Kawasaki W series
The Kawasaki W series is a line of motorcycles made by Kawasaki since 1965 that shares some characteristics of classic British vertical-twin standard motorcycles. Sold as a 1966 model in the North American market, the first Kawasaki W1 had the largest engine displacement of any model manufactured in Japan at the time. Kawasaki continues to build models of the W brand similar to the W1.
Kawasaki W series
In 1965 the K2 was enlarged to 624 cc to become the Meguro X-650 prototype, which was displayed at the 1965 Tokyo Motor Show. The X-650 then became in turn the prototype for the Kawasaki W1.For the new Kawasaki big bike, the traditional look of Meguro motorcycles was replaced with a sleeker fuel tank, sportier mudguards (fenders) and other details intended to appeal to export markets, especially North America. The Society of Automotive Engineers of Japan (Japanese), includes the 1966 Kawasaki 650-W1 as one of their 240 Landmarks of Japanese Automotive Technology .
Kawasaki’s W1 has been described as a Japanese copy of the post-war, pre-unit construction BSA A10 650cc vertical-twin (aka Rocket) but this turns out to be more apparent than real. The A10 engine was an under square design with a 73 mm (2.9 in) bore and an 84 mm (3.3 in) stroke, whereas the W1 inherited its 72.6 mm (2.86 in) stroke from the K2 engine, adding displacement by increasing the size of its bore to 74 mm (2.9 in).
This slightly oversquare (i.e. short-stroke) design favours higher engine speeds, while reducing stresses on the crankshaft. In addition, the new W1 had a one-piece pressed crankshaft assembly with ball bearings and one-piece connecting rods with needle bearings, significant improvements over the earlier BSA (and Meguro) engines that used plain insert type bearings and two-piece connecting rods.
Even though the BSA and Kawasaki 650cc engines were mechanically different from each other, visually they gave very much the same impression.
Likewise, in the design of its twin-loop frame, as well as its overall styling, the W1 motorcycle was clearly influenced by classic British road bikes, including shifting with the right foot and braking with the left. From 1966 to 1968 W1 engines were built with a single 31 mm Mikuni carburetor (this is only feasable in a straight-twin with a 360° crankshaft angle). Starting in 1968, the W1SS with two 28 mm Mikuni carbs took the place of the original W1.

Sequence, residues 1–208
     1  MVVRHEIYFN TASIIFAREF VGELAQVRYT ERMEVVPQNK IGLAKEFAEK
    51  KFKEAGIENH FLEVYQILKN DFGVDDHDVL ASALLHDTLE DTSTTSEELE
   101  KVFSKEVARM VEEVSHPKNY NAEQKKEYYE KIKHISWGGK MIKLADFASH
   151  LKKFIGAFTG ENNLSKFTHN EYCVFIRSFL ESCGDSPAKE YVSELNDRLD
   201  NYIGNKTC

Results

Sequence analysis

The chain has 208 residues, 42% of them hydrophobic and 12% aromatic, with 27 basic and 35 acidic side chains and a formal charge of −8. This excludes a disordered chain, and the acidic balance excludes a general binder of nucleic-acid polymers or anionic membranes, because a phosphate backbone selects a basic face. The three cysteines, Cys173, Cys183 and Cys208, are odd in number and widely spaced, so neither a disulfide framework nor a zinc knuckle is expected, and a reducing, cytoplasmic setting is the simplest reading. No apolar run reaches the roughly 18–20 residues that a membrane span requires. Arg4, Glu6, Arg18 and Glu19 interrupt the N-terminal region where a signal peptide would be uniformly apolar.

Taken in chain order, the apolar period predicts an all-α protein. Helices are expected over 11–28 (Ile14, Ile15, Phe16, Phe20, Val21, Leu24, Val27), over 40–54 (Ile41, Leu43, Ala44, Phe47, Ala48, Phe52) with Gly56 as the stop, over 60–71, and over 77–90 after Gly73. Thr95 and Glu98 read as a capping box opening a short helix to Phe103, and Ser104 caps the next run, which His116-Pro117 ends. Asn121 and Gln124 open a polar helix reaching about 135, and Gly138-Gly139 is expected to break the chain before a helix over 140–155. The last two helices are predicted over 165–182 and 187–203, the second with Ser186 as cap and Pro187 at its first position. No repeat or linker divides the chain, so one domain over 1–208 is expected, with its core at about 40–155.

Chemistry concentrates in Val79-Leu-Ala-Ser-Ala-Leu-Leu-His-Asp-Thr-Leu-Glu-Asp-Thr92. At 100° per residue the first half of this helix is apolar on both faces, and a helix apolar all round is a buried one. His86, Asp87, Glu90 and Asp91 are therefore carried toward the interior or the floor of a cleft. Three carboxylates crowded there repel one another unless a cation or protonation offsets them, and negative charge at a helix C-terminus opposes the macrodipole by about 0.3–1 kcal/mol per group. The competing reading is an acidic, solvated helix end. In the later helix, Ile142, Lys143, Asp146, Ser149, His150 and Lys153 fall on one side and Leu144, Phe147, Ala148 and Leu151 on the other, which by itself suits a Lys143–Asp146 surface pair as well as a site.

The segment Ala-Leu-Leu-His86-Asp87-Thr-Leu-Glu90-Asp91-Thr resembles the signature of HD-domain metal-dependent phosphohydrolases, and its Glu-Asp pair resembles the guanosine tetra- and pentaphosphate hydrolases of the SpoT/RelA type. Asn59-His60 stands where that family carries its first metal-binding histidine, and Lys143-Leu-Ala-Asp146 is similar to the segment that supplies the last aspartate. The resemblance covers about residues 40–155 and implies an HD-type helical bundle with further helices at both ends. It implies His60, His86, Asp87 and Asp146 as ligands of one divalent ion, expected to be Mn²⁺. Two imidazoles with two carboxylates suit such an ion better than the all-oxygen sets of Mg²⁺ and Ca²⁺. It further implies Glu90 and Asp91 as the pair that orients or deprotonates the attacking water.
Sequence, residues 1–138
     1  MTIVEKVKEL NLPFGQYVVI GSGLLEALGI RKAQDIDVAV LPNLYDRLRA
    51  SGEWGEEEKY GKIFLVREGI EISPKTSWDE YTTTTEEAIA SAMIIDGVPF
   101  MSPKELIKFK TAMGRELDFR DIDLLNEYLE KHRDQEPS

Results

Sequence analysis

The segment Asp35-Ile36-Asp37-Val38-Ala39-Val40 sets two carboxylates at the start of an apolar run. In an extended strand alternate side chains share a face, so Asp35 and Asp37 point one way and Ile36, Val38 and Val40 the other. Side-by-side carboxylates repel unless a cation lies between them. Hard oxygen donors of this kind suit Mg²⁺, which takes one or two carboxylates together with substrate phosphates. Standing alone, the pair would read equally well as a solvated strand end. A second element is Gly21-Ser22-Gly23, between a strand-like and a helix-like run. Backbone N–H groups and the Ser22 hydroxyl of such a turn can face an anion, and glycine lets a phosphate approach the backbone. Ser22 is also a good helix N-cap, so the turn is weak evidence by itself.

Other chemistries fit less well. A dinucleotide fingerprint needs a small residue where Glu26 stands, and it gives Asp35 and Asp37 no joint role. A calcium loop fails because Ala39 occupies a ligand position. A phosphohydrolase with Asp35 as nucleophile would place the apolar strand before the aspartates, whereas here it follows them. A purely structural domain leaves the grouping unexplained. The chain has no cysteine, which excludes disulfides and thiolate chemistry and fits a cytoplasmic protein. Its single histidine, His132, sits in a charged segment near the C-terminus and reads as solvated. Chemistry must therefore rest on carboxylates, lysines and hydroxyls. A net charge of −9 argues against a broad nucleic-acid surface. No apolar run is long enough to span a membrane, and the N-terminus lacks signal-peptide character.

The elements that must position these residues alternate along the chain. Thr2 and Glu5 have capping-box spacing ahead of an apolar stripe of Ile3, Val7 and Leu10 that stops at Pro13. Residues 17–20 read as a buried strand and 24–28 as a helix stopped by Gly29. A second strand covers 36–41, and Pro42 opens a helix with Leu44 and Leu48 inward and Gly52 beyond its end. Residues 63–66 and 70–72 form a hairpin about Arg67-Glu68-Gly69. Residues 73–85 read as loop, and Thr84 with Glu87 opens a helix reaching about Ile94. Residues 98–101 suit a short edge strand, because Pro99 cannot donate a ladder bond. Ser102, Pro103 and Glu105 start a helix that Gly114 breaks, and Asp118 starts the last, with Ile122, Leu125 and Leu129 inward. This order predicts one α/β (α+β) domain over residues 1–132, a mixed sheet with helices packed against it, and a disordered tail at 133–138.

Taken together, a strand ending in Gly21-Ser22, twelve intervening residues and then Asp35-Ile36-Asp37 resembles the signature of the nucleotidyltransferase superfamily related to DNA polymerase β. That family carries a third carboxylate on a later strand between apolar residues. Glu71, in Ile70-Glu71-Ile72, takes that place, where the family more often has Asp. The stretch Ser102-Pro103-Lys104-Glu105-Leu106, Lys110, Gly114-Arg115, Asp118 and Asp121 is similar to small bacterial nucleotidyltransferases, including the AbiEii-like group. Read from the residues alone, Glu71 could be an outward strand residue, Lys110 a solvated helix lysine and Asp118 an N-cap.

Also in 1968, the W2 (aka Commander ) emerged. The W2SS was a restyled W1SS with slightly more horsepower, and the W2TT was a high-pipe version with twin mufflers on the left side. Due to flat sales in North America the W2TT was discontinued in 1969, the W2SS ended in 1970, and finally in 1971 Kawasaki axed the W1SS.
The 650 remained popular in Japan, and although some were exported to Europe in the 70s, subsequent models were produced primarily for the domestic market. The penultimate model in the W series was the W1SA with stylistic changes, but most importantly with the gearshift lever on the left side and the rear brake pedal on the right side, which is the standard configuration for Japanese motorcycles.
The final version was the 1973 W3 model (aka RS650 ) with upgraded suspension as well as twin disc brakes in front. W series production ceased in 1974.
Descendants: Kawasaki W brand
Today’s fascination with retro style motorcycles began in 1989 with the Honda GB500 and the Kawasaki Zephyr, both first produced for sale in Japan as 400cc models.These retro-bikes evoked nostalgia for classic motorcycles from decades earlier. The Zephyr was made using the Z series inline-fours from the 1970s as a template. By the late 1990s Kawasaki was designing successors to the Zephyr series, based on even older generations of motorcycles with twin-cylinder engines.
In 1999 Kawasaki released new retro-bikes, the V-twin Drifter and the vertical-twin W650. Unlike the 1960s W series, the 1999-2007 W650 had an up-to-date engine design very different from its ancestors, while holding on to the vintage British motorcycle look. The 2011-2013 W800 carries on with the the W brand, and expands the range to include Café racer models.
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